We quickly became lost in the sandy maze of pathways lined by simple houses and shopfronts. People stared as we passed. I felt somewhat uncomfortable and not very welcome.
With hope dwindling that we would find our guesthouse before sunset. We asked one of the locals for directions and were pointed where to go – only another 50 metres away.
Over the next few days we mainly based ourselves on Bounty Beach, the white sand tourist beach that stretches around the south east corner of Malapascua Island. It was an obligatory tropical beach paradise, you know, all turquoise water and powdery white sand.
Beach restaurants and dive resorts lined the beach, a palm tree fringed, sandy pathway linking them. This was the tourist heart of the island and I was surprised how quiet and unassuming it was, especially compared to some of the Thai Islands. Tourism is a lot newer on Malapascua Island, and you could tell.
Between frequent showers we swam in the warm ocean and lay in the soft sand, warming ourselves in the sun. When it rained we hung out in the restaurant at our guesthouse or at one of the covered beach bars, looking out at our rain-drenched surroundings. We drunk cocktails on bean bags on the beach, watching a colourful sunset light up the sky.
Those cocktails and that sunset is one of my favourite memories from Malapascua Island; one of those perfect travel moments.
But we didn’t just beach lounge…
Adventures on Malapascua Island
One sunny morning we decided to check out more of Malapascua Island by walking it length to length. After walking Bounty beach to its southern terminus, we cut through the village to the less-groomed local beach where the boats from Cebu land, and then we were northward bound.
Inland we encountered palm trees and fragrantly scented tropical flowers along a dirt path cushioned by long, swaying grasses. It was peaceful away from the busy village streets.
We passed a deserted rocky beach, bought sodas from a small shop to cool ourselves down, before entering a smaller, quieter village in the north of Malapascua Island.
Through the village to the coast we found a long, mostly deserted stretch of white sand beach with no restaurants or dive resorts in sight. Dark clouds out at sea edged closer as I soaked up the sun. After a quick dip it was time to go; the sky darkened further.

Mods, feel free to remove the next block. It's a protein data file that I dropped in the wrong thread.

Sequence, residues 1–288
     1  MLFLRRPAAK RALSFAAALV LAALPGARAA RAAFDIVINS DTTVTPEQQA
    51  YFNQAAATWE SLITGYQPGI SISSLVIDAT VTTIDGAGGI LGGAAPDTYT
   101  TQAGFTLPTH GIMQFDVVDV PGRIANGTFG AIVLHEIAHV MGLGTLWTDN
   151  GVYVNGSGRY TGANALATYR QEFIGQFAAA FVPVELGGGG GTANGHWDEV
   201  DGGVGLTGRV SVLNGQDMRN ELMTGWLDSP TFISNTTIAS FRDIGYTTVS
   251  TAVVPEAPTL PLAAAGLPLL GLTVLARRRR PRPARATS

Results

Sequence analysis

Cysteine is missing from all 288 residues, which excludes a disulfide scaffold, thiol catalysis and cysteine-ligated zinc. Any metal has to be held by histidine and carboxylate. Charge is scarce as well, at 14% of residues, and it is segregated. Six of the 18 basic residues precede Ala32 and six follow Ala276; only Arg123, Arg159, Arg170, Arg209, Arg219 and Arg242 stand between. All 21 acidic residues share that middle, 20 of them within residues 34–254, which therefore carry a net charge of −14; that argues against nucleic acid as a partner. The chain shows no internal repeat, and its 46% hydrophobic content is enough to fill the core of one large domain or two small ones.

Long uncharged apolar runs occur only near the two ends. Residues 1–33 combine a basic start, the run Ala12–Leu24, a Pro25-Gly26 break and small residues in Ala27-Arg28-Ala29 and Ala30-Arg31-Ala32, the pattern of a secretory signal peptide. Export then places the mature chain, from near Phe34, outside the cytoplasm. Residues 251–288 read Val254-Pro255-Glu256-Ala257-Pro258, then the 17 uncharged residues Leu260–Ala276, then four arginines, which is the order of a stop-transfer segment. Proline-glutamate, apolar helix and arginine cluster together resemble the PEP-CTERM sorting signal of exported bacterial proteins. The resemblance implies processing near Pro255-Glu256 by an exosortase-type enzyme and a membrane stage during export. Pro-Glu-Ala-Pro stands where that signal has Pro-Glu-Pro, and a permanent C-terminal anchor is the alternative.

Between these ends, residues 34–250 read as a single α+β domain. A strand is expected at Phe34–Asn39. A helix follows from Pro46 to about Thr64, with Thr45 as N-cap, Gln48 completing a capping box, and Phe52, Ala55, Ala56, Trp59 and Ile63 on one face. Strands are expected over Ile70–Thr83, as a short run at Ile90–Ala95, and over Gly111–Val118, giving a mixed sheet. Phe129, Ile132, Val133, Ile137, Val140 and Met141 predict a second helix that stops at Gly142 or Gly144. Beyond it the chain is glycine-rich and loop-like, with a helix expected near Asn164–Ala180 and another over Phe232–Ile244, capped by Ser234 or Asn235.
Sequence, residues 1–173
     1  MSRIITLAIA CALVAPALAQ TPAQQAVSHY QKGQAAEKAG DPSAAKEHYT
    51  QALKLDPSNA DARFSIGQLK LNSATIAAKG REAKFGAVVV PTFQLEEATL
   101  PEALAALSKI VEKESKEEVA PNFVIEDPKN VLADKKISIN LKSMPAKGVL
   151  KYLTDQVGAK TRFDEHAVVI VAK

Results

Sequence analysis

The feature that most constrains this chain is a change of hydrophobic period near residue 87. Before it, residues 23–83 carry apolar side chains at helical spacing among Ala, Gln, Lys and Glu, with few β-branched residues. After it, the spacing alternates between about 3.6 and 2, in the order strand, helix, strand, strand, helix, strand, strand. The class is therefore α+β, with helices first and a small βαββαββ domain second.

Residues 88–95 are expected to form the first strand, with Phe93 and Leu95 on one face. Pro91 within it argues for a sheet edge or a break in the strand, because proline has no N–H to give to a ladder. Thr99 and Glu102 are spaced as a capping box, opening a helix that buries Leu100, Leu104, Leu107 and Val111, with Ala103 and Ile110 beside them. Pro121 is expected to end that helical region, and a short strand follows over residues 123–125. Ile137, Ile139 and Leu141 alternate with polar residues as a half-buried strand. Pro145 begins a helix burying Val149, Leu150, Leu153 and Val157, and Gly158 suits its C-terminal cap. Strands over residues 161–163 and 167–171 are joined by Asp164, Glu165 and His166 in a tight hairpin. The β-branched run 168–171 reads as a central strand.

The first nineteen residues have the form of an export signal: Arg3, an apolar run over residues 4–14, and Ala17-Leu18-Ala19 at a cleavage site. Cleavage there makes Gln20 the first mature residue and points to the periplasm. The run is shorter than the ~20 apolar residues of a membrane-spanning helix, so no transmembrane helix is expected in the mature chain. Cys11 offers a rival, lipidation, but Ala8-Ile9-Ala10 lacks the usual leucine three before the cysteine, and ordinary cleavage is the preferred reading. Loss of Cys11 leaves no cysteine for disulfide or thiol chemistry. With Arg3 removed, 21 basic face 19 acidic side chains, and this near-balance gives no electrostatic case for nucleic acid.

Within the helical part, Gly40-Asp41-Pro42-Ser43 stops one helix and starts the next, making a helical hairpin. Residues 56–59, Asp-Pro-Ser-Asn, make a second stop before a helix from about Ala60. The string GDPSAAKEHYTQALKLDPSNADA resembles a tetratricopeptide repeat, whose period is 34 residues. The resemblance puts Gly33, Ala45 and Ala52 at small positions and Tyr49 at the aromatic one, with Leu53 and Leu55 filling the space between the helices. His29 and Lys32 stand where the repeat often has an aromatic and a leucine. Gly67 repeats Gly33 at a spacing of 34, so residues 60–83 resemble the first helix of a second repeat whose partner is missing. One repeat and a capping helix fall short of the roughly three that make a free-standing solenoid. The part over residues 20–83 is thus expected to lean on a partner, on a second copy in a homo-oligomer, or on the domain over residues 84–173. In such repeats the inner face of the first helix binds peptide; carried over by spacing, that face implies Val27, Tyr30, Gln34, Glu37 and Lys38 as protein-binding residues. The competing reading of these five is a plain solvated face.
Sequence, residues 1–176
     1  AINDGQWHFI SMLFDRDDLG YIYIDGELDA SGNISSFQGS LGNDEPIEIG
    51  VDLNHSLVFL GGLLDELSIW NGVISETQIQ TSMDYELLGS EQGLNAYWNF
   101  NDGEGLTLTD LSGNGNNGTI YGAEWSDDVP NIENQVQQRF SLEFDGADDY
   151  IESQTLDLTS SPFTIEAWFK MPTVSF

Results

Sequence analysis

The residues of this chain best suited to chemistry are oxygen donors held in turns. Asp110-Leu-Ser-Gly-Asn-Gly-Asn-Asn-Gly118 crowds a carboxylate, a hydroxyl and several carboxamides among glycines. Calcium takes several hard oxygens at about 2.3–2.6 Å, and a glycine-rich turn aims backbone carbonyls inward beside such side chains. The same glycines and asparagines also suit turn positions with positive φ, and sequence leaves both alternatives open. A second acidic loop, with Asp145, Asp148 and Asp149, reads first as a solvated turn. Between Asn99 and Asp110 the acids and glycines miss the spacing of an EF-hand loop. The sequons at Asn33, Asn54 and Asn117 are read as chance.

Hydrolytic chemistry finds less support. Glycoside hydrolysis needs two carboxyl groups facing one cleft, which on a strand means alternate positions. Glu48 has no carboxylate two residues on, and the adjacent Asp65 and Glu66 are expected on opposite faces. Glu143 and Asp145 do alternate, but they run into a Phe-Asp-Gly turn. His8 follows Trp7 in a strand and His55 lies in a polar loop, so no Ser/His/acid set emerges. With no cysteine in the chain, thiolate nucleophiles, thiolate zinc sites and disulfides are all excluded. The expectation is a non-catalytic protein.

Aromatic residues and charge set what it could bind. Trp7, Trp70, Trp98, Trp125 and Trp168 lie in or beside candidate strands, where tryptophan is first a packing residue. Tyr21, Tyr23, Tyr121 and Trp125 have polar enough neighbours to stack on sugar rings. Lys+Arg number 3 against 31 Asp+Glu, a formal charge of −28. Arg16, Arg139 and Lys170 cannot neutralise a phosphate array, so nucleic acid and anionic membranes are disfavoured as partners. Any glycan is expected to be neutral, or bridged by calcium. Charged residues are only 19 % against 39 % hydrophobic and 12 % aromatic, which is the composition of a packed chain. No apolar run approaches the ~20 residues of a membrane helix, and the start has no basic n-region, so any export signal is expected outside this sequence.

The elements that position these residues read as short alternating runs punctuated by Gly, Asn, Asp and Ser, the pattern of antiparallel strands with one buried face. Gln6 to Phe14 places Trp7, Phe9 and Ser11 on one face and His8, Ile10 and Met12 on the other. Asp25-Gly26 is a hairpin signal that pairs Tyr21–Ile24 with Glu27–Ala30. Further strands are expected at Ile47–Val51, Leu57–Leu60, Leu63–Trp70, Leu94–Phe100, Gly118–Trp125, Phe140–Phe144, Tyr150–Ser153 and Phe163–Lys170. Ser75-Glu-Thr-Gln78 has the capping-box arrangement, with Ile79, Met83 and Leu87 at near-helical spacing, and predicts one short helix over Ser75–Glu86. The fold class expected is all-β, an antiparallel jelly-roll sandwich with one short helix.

About fifteen minutes later the storm clouds reached us and a mighty deluge rained down. With nowhere to take shelter, we simply just kept walking. Within minutes we were soaked to the bone, water dripping off our foreheads and into our eyes.
The rain energised then exhausted me and the walk back seemed to take a lot longer than it had originally when the sun was still shining.
On the surface things our time on the island was going reasonably well, apart from the boat rip off and being rained on, but I felt a deep sense of unease during my time on Malapascua Island. A large part of that was the relationship issues we were dealing with.
After being apart for much of the previous six months, I felt disconnected from Trav. At night, I cried uncontrollably without really understanding why. I attacked Trav with cruel words for no reason. I wasn’t happy. I felt lost. I didn’t know how we would be able to make it work anymore, when the lives we truly wanted were so different. It would only be three weeks later that we broke up.
A scary return journey from our day trip to Kalanggaman Island also didn’t help. And then there was the murder playing in the back of my mind.
Lasting Thoughts on Malapascua Island
My memories from Malapascua Island are tinged with sadness. I remember the dark skies, and my dark mood. Being ripped off and rained on. Feeling helpless and lost. But I also remember the turquoise waters, powdery white sand and that one special sunset when I thought that everything would be OK.
Maybe my experience on Malapascua Island it was just a case of the right place at the wrong time. And the wrong person.
Have you been to Malapascua Island? What did you think?